Wellness programs, like those offered by CDC, provide tools and motivation for employees to maintain healthy lifestyles. CDC continues to strive to demonstrate the importance of such programs and their critical link to the Agency’s mission. A number of 2010 initiatives encouraged managers and their employees to make time to lead by example and consider bicycling, carpooling, or vanpooling to work, personally visiting the CDC’s Garden Market, taking a few minutes to eat lunch with colleagues away from their desk, attending a Lifestyle seminar, working out at the gym, using the stairs, or walking to meetings instead of calling in.
In order to meet CDC’s sustainability goals, the Agency must engage the entire CDC community in the effort. This community includes CDC employees, contractors, grantees, and partners, who each make decisions that contribute to CDC’s impact on the environment. Go Green, Get Healthy communicates its sustainability messages to these audiences through face to face communication, emails, displays, signage, Intranet pages, and through our Twitter handle @CDCGreenHealthy.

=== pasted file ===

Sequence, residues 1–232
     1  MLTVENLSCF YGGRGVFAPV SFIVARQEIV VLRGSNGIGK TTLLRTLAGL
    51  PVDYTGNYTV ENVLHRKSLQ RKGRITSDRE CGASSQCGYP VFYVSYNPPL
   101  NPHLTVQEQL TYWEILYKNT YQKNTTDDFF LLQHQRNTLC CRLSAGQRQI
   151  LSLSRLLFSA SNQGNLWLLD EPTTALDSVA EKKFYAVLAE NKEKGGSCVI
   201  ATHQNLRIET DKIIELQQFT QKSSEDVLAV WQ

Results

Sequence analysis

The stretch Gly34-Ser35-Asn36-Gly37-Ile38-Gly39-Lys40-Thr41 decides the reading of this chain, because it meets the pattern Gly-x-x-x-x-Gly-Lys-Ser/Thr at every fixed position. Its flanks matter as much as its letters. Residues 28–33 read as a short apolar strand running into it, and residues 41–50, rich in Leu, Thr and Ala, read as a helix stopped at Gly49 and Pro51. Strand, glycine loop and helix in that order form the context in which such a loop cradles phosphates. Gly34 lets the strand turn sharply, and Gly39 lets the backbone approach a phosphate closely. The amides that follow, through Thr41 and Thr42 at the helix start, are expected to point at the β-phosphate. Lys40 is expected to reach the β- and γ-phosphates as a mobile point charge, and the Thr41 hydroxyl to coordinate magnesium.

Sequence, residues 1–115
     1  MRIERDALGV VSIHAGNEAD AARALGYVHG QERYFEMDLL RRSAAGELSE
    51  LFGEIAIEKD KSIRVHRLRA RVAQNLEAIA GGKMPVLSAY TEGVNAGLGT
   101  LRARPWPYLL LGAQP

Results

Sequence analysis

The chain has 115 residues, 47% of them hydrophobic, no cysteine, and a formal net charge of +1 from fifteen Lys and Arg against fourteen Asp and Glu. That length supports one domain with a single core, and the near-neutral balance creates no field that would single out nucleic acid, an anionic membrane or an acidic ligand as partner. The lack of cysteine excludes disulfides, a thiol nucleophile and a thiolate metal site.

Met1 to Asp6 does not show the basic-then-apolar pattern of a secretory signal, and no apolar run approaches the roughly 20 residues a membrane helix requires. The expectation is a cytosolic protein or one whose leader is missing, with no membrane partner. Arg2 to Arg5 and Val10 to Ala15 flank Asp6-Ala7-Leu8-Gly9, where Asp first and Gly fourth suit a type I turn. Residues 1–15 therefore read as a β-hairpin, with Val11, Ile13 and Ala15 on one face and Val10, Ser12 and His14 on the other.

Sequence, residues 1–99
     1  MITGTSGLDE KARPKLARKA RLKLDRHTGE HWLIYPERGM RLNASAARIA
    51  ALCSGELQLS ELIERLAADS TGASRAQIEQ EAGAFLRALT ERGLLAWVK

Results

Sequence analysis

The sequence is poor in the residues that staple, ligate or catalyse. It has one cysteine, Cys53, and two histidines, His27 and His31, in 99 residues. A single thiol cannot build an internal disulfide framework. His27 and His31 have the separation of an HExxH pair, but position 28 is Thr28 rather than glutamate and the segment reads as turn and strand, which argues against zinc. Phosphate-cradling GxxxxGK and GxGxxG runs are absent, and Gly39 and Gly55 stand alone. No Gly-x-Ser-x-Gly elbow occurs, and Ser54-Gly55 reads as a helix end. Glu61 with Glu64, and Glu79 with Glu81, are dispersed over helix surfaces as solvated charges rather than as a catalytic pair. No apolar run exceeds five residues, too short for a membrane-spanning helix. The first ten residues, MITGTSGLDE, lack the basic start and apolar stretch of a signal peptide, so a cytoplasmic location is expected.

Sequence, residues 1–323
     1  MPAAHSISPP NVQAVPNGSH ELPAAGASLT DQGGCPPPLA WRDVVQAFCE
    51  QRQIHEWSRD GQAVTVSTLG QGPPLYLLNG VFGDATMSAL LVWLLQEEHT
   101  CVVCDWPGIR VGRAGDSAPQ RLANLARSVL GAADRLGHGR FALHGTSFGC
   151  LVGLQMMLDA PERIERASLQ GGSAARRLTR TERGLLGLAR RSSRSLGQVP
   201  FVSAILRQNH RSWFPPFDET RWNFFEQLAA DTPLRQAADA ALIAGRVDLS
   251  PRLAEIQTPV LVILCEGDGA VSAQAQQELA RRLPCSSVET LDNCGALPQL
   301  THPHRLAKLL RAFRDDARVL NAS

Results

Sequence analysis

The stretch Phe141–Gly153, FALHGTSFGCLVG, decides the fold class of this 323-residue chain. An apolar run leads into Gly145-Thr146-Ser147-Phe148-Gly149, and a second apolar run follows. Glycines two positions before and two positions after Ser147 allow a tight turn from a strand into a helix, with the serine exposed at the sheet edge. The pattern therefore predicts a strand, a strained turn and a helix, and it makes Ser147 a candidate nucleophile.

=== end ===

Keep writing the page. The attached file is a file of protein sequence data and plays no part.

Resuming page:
The Agency also bears a responsibility to communicate the link between health and sustainability to the general public. Through use of social media outlets, maintenance of our Internet pages and the release of an Annual CDC Sustainability Report, we aim to spark sustainable conversations and cultivate the knowledge of the population who has the power to green our world.
CDC Recognized WITH HHS Green Champion Awards
In 2010, CDC was recognized for outstanding sustainability efforts for Laboratory Recycling and Electronics Stewardship and received an honorable mention for the Styrocycler project.
CDC received the 2010 Federal Electronics Challenge Silver Award
The Federal Electronics Challenge is a partnership program managed by the U.S. Environmental Protection Agency and the Office of the Federal Environmental Executive that encourages federal facilities and agencies to purchase, use, and reuse electronics in an environmentally safe way.
The Clean Air Campaign awarded CDC the 2009 PACE Award for commitment and leadership in promoting commute alternatives in the public sector (government employer of any size). Read more